{¶ 47} To prevail on a claim of tortious interference with contract, the plaintiff must prove (1) the existence of a contract, (2) the wrongdoer's knowledge of the contract, (3) the wrongdoer's intentional procurement of the contract's breach, (4) lack of justification, and (5) resulting damages.

{¶ 48} The plaintiff argues that the defendant tortiously interfered with his contracts by coercing OSU to suspend him, by illegally obtaining attorney-client privilege information from the Barattas, and by circumventing the plaintiff's attorney, Michael Quiat.

{¶ 49} The defendant argues that the plaintiff has failed to produce any contract between himself and Quiat.   Therefore, the terms of their contract were unknown to any defendant employee at the time of the investigation and at the  time of trial.   The defendant asserts that since knowledge of the contract is a requisite element of tortious interference with contract, the plaintiff's claim must fail.   Furthermore, the defendant also contends that even if it did interfere with the plaintiff's relationship with Quiat, the remedy would not be reinstatement of the plaintiff's eligibility or removal of the bylaws from the defendant's manual.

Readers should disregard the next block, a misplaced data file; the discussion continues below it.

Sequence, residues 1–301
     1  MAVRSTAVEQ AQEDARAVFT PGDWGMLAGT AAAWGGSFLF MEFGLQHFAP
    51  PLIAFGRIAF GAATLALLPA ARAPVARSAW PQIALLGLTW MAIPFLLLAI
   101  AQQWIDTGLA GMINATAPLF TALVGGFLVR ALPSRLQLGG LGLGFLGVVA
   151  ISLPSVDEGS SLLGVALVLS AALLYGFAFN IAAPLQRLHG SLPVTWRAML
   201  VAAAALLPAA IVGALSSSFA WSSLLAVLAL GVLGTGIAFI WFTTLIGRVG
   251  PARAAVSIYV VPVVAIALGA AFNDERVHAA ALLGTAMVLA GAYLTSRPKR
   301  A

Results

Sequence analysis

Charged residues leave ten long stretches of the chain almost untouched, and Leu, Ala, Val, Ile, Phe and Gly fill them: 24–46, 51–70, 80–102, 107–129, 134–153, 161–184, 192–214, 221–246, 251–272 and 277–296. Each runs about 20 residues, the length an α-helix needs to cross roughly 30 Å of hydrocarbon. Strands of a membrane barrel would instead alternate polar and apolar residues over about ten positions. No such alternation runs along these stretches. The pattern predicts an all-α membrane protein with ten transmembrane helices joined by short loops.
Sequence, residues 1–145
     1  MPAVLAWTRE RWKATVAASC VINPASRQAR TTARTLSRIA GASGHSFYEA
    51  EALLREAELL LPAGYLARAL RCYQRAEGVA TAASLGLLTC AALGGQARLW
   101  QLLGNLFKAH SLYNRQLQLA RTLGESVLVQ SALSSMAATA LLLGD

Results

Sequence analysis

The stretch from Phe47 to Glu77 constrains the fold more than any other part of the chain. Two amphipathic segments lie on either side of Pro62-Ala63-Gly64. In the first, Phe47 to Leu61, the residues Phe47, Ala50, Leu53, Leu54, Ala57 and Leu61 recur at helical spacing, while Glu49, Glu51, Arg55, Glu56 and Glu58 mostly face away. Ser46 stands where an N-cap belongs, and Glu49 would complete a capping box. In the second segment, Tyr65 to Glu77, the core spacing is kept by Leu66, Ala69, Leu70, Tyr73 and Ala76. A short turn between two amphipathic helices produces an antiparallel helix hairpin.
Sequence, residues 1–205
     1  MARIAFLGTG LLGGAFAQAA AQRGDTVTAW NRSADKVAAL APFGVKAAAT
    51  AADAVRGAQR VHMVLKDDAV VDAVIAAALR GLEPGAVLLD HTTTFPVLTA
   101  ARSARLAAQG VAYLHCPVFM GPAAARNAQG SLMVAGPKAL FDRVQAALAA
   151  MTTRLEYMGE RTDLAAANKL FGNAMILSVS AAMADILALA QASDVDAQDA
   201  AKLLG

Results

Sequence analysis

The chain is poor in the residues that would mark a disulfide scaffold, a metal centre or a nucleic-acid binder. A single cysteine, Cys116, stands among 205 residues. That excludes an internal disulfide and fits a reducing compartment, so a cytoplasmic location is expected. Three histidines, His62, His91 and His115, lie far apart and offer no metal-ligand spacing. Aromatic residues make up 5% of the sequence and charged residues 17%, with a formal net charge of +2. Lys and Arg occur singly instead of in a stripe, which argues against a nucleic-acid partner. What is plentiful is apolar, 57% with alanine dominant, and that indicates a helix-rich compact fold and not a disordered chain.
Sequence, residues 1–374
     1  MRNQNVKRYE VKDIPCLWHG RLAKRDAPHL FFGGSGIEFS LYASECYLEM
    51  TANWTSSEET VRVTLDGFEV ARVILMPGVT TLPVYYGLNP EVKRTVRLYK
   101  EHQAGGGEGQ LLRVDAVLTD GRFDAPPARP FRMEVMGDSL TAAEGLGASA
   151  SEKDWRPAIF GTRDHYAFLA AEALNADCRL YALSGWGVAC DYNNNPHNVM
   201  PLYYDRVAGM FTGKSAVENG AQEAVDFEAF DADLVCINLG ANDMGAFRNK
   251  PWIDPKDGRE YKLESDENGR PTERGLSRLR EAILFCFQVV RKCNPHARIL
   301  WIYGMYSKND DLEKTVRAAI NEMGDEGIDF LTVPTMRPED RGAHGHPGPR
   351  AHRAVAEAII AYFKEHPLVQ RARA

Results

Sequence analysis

{¶ 50} The plaintiff further argues that certain of the defendant's employees (including John Shukie) violated rules of professional responsibility.   This claim is feckless because Shukie was not representing a client and even if he was subject to the canons of professional responsibility, he satisfied any obligation thereto.

 {¶ 51} A voluntary association, such as the NCAA, has the right to manage its affairs and apply its bylaws.   No court, including this one, has the right to reverse the defendant's policies or procedures unless they are not within legal limits or are based on fraud, arbitrariness, or collusion.   Here the plaintiff is asserting that the defendant went beyond its legal limits and interfered with the plaintiff's contractual relationship with his attorney.

 {¶ 52} First, let us consider the plaintiff's encounter with John Shukie.   Shukie is an attorney and is employed by the defendant as an investigator.   The plaintiff's argument is that Shukie violated the rules of professional conduct because Shukie spoke with the plaintiff without getting his attorney's permission, in violation of Prof.Cond.R. 4.2.